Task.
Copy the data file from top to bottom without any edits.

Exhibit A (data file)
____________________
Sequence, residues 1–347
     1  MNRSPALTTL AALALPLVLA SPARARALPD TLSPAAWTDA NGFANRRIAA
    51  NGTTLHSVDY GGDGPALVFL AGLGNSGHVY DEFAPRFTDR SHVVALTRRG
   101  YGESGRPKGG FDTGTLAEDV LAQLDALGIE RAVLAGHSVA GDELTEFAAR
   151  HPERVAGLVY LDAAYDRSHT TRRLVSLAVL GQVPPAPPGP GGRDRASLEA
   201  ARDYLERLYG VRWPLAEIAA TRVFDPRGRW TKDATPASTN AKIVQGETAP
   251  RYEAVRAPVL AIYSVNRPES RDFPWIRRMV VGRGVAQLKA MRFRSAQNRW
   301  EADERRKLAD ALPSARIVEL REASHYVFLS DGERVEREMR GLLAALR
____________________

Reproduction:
Sequence, residues 1–347
     1  MNRSPALTTL AALALPLVLA SPARARALPD TLSPAAWTDA NGFANRRIAA
    51  NGTTLHSVDY GGDGPALVFL AGLGNSGHVY DEFAPRFTDR SHVVALTRRG
   101  YGESGRPKGG FDTGTLAEDV LAQLDALGIE RAVLAGHSVA GDELTEFAAR
   151  HPERVAGLVY LDAAYDRSHT TRRLVSLAVL GQVPPAPPGP GGRDRASLEA
   201  ARDYLERLYG VRWPLAEIAA TRVFDPRGRW TKDATPASTN AKIVQGETAP
   251  RYEAVRAPVL AIYSVNRPES RDFPWIRRMV VGRGVAQLKA MRFRSAQNRW
   301  EADERRKLAD ALPSARIVEL REASHYVFLS DGERVEREMR GLLAALR